A very nice procedural method to generate buildings for cities that undoubtly could be used in games. The abstract for the paper:
“CGA shape, a novel shape grammar for the procedural modeling of CG architecture, produces building shells with high visual quality and geometric detail. It produces extensive architectural models for computer games and movies, at low cost. Context sensitive shape rules allow the user to specify interactions between the entities of the hierarchical shape descriptions. Selected examples demonstrate solutions to previously unsolved modeling problems, especially to consistent mass modeling with volumetric shapes of arbitrary orientation. CGA shape is shown to efficiently generate massive urban models with unprecedented level of detail, with the virtual rebuilding of the archaeological site of Pompeii as a case in point. “
Link to the paper, videos and a presentation of the technique:
A method to procedurally generate an entire city from a few source images only. The road network and all houses are randomly generated in a realistic way as the image below shows.
And a link to the paper and more screen shots follows here:
The old way to do splatting was to assign a texture for each triangle/quad in the terrain and then let GPU create the fading between the different textures. The following link is to one of the most famous descriptions of such an technique:
The drawback with the method is that is uses fillrate a lot as each triangle is drawn multiple times to archive the fade. Therefore new methods with shaders or multitexturing is to prefer.
Many games uses nowadays alpha maps together with terrain textures to do splatting. The alpha map decides where the texture should be splatted to the terrain. For each texture that should be used on the terrain, one texture channel is needed for the alpha map. The size of this texture determines the quality/resolution of the transitions between different types of textures on the terrain. Below is and example of a such alpha map and how it looks like in a game.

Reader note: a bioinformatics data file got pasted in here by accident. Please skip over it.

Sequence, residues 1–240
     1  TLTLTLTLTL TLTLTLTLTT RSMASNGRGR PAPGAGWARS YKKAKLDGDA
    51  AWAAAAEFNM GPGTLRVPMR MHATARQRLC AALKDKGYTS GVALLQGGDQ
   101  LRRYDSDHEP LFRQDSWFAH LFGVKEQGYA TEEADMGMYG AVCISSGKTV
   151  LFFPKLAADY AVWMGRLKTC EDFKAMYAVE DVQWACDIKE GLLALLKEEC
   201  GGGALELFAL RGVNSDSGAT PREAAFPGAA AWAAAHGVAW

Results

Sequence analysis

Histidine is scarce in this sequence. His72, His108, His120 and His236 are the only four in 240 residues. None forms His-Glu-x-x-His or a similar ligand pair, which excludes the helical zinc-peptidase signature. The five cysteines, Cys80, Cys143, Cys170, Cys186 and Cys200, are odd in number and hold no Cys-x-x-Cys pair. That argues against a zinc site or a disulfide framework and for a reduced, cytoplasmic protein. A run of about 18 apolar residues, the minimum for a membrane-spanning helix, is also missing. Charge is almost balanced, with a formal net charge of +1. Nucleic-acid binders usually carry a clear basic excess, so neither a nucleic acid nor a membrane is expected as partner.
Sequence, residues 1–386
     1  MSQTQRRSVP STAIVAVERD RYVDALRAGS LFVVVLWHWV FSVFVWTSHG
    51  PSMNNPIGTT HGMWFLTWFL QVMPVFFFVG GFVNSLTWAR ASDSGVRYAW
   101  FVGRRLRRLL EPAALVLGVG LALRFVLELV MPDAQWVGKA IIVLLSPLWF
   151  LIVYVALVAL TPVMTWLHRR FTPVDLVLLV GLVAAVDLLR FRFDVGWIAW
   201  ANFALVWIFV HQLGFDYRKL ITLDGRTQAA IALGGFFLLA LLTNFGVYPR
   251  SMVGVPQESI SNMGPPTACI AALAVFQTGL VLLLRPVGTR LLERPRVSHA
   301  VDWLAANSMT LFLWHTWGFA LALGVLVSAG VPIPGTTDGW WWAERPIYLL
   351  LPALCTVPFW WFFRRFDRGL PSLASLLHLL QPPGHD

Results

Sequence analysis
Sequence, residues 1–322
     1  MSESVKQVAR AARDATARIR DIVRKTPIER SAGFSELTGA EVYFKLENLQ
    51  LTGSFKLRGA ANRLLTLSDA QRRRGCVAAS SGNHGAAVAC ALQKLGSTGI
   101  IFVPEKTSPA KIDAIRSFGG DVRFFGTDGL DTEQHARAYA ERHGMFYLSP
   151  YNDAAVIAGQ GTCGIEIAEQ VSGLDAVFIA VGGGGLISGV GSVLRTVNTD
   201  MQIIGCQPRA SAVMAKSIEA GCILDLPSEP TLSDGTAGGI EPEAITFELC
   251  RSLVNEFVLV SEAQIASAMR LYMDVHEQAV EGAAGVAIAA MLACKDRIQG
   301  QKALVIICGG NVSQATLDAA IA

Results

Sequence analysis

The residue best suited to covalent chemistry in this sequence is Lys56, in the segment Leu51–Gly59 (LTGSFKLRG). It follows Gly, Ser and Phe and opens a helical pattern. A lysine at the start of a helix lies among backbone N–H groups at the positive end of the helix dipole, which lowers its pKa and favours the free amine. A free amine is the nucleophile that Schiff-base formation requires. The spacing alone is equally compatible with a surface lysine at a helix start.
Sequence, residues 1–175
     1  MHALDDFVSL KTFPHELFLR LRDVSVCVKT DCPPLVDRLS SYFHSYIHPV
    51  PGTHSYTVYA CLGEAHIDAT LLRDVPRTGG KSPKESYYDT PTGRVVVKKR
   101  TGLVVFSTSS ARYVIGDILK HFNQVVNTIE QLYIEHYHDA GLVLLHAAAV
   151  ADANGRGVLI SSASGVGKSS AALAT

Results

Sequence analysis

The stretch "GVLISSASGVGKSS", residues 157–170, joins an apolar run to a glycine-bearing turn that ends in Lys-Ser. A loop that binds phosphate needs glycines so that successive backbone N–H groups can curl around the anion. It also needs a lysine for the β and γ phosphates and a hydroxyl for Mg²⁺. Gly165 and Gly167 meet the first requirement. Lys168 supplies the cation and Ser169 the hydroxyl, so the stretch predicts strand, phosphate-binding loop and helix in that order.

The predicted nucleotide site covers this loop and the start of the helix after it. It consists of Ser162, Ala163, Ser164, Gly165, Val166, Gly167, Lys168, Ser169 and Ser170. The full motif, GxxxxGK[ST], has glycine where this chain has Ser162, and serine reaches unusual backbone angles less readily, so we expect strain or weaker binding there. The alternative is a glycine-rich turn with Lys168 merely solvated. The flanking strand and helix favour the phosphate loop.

To the left is the textures used, notice how low resolution they are allowed to have. To the right is one of the alpha maps (for the dark grass).
Render of the terrain with splatting in jMonkeyEngine:
In the following link is a comparision of using a single large texture to cover the whole terrain versus using splatting of a few small textures.
The game Sid Meier’s Railroads uses a kind of splatting that is either vertex or quad based. Their maps consist of a single texture where each pixel in the texture has a colour that is connected to a specific terrain texture. This allows for a large amount of different textures for the terrain in the same map, but limits the type of fading between different textures.
Here’s a screenshot of how the maps in the game Supreme Commander are created. The game uses splatting and can only handle five different textures. One is the base texture and fills up where no other texture are. The rest of the four texturelayers requires alpha maps and they are saved in a single RGBA texture. The shot below shows how beautiful splatting can be when implemented correctly. The water is only height dependent and is therefore not splatted.
The source of the image is the following tutorial of how to make maps for Supreme Commander:
Instead of the normal way of texturing with tiled images and trying to blend different types of textures together this approch uses one big texture that covers the whole terrain. Because of the size needed for the texture, some smart mipmapping and also compression of the data is needed. The big advantage above the other methods seems to be that this enables the artist to draw the terrain however she likes. There are simply no limits of the number of textures that can be used in the final mega texture.
Link to more in detail description of the method:
A similar method called Sparse Virtual Texturing: